Doesn't time fly.  Recently having some mag issues and came across Runtronic CDI ignition as a possible replacement for my mag.  Started to look at timing curves, ATD advance and static timing.  Found it had been covered before for different reasons but just slipped my mind.  This has made interesting re-reading and shown how valuable the search facility is.  Excellent source of information.
Thanks to everyone who posted.
Title: Re: BSA A10 ignition
Post by: muskrat on 21.07. 2020 21:01
G'day Keith.
One day I'd like to try the Dyna 2000ip in the Cafe. It is fully programmable with 4 advance curves but can program my own curve with the laptop, rev limiter (I need that!) and records all the info for download.
Cheers
Title: Re: BSA A10 ignition
Post by: KeithJ on 21.07. 2020 21:08
G'day Keith.
One day I'd like to try the Dyna 2000ip in the Cafe. It is fully programmable with 4 advance curves but can program my own curve with the laptop, rev limiter (I need that!) and records all the info for download.
Cheers
Oooch! That sound like Rocket Science to me. Just want something which simple, reliable uses veery little electricity and little space.  Looks interesting http://www.jeperformance.biz?  I think I am an analogue guy in a digital world!

Title: Re: BSA A10 ignition
Post by: muskrat on 21.07. 2020 21:31
G'day Keith.
Yes the Runtronic sounds great for a std or close to bike.
I need a bit more on the Cafe as with the Boyer that's on it I still get pinging under hard acceleration (every time I ride LOL). If I retard enough to eliminate the pinging the performance drops considerably and she overheats.
On the A7 plunger the Boyer is great.
The Dyna 2Ki is designed for HD's but I could adapt. I put one on a mates Evo and was amazed at the performance. http://www.dynaonline.com/products/harley-davidson/dyna-2ki.aspx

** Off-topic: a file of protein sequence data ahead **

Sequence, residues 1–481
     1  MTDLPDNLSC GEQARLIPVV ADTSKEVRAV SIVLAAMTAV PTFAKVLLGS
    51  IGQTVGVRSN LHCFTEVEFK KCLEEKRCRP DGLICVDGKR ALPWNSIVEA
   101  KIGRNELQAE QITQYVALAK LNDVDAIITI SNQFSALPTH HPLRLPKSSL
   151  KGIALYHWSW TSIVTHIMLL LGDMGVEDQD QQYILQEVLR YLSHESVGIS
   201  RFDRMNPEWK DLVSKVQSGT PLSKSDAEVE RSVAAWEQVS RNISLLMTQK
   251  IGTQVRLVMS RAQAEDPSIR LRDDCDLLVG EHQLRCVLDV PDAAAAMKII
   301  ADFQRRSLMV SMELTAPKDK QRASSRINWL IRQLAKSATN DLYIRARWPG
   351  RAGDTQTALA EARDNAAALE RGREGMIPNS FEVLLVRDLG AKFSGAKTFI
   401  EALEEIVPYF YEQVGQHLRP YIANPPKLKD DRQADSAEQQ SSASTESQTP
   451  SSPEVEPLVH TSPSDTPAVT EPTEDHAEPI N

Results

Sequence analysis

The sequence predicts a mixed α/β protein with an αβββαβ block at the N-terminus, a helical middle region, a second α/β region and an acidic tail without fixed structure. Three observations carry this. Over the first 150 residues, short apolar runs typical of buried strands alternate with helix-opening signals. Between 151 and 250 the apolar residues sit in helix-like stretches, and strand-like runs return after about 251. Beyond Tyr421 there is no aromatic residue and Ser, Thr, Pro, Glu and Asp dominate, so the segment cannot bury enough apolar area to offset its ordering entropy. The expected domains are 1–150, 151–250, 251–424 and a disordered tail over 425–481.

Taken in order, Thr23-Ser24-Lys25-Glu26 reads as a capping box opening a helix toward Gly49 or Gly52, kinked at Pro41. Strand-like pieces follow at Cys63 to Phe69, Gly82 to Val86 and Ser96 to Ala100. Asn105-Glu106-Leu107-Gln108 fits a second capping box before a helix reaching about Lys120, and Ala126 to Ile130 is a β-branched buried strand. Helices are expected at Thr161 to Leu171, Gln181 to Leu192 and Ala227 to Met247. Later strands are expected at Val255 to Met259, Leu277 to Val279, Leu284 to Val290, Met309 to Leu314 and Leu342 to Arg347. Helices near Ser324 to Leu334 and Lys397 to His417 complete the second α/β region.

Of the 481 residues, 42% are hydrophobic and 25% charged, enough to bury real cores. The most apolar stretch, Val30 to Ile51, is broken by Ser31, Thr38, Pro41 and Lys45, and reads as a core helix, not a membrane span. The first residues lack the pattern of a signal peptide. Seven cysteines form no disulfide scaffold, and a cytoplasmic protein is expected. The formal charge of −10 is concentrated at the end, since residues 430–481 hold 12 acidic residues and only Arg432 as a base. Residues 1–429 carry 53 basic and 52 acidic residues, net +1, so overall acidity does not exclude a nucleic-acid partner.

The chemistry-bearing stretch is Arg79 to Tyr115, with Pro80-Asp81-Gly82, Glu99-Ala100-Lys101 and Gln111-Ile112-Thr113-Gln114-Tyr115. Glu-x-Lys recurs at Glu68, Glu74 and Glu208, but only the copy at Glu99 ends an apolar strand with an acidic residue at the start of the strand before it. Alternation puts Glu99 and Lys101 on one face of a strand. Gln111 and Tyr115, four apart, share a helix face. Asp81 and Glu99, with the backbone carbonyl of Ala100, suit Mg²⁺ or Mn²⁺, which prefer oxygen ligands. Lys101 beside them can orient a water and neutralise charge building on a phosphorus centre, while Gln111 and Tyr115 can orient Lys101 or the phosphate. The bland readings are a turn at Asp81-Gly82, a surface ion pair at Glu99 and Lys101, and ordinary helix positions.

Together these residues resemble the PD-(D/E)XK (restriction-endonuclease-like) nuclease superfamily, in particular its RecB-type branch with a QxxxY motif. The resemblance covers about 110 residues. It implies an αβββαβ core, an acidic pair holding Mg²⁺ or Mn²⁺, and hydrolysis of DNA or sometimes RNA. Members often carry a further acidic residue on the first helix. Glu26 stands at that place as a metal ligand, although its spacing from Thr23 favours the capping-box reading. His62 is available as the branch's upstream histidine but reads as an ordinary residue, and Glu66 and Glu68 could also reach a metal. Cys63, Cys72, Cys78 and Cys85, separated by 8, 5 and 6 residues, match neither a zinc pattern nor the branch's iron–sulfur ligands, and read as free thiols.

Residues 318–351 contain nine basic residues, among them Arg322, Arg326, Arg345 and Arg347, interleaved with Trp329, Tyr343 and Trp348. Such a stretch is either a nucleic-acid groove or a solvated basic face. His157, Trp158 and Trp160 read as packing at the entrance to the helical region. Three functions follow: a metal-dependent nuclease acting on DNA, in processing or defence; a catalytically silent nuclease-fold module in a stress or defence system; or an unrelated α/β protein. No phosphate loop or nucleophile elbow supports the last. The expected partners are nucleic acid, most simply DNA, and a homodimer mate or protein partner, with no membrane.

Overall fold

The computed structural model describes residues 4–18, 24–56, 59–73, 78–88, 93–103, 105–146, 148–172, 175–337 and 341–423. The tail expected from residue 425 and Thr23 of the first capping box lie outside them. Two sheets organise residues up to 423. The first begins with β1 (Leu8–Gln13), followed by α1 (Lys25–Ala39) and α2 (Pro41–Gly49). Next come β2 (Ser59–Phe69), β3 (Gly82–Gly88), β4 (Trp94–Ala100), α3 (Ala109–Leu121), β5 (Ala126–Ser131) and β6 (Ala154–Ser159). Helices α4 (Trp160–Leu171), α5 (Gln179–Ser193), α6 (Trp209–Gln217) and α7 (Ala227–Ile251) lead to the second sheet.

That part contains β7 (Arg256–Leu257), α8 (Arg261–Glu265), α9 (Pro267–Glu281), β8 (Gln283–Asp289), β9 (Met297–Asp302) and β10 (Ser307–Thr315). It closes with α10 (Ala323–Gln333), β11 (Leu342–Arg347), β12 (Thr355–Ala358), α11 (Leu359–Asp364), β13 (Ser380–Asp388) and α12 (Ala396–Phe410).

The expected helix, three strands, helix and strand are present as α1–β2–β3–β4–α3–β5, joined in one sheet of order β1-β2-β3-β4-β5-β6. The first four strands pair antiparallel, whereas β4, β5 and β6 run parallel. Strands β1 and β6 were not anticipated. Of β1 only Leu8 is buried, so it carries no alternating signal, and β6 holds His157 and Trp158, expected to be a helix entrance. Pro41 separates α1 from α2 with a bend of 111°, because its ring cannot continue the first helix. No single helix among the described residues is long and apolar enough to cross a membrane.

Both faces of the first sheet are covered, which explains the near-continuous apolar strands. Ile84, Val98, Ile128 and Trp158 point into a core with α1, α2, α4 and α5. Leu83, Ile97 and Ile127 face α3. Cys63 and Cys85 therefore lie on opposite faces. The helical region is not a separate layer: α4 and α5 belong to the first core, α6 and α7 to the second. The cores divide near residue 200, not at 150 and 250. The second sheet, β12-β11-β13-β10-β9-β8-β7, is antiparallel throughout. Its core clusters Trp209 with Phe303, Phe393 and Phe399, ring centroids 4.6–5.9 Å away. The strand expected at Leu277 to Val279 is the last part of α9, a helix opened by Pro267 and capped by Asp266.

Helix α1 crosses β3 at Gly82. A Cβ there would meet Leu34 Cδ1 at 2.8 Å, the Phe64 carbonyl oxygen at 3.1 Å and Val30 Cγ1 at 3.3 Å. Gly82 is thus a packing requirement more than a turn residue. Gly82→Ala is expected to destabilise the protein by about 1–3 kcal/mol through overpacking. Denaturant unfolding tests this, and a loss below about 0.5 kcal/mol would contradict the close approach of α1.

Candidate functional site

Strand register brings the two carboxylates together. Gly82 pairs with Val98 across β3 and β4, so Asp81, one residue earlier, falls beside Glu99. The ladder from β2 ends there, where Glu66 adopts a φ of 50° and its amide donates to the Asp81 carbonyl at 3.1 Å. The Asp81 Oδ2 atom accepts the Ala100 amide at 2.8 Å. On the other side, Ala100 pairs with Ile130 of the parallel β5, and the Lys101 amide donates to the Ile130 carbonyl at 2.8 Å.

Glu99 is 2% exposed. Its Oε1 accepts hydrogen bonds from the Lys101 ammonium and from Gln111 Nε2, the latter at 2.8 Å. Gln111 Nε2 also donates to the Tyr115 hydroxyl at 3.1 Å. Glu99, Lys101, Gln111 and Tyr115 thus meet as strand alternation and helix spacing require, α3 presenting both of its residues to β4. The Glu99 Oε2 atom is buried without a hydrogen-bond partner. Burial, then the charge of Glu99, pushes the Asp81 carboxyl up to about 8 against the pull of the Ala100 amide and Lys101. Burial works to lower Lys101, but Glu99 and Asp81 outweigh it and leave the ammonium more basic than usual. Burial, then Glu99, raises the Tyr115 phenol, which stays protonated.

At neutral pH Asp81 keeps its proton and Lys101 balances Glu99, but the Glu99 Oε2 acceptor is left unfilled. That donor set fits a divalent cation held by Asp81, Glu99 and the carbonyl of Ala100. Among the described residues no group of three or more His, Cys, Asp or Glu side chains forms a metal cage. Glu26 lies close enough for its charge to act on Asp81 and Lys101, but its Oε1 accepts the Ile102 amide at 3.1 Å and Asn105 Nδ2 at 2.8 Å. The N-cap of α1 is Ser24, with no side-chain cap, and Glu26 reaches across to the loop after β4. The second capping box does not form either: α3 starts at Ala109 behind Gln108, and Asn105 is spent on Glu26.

Cheers 
Title: Re: BSA A10 ignition
Post by: beezermacc on 22.07. 2020 07:58
 
Cheers
[/quote]
Oooch! That sound like Rocket Science to me. Just want something which simple, reliable uses veery little electricity and little space. 
[/quote]
…. a magneto maybe?
Title: Re: BSA A10 ignition
Post by: KeithJ on 22.07. 2020 08:16

Cheers
Oooch! That sound like Rocket Science to me. Just want something which simple, reliable uses veery little electricity and little space. 
[/quote]
…. a magneto maybe?
[/quote]
Excellent observation.  Even simple things are complicated if not under stood or familiar enough with them.  Would be simpler if there was consensus about solving a specific issue but that rarely happens.   Hey ho!  Now to sort out clutch slip.  Off to read those threads.  Original clutch worked well for years but SRM one hasn’t.  Progress? 
Title: Re: BSA A10 ignition
Post by: BSA_54A10 on 22.07. 2020 09:06
Just a little word of warning if fitting a Runtronics.
It throws a cluster spark which means that no matter what the cylinder is going to fire.
A customer fitted one to his T100 and found it to be overheating due to running lean.
HE also found a big increase in Hp to the point that the clutch could not cope.
Now this was not a std bike as he was into Vintage Moto Cross & Trials so lots of revs with little cooling breeze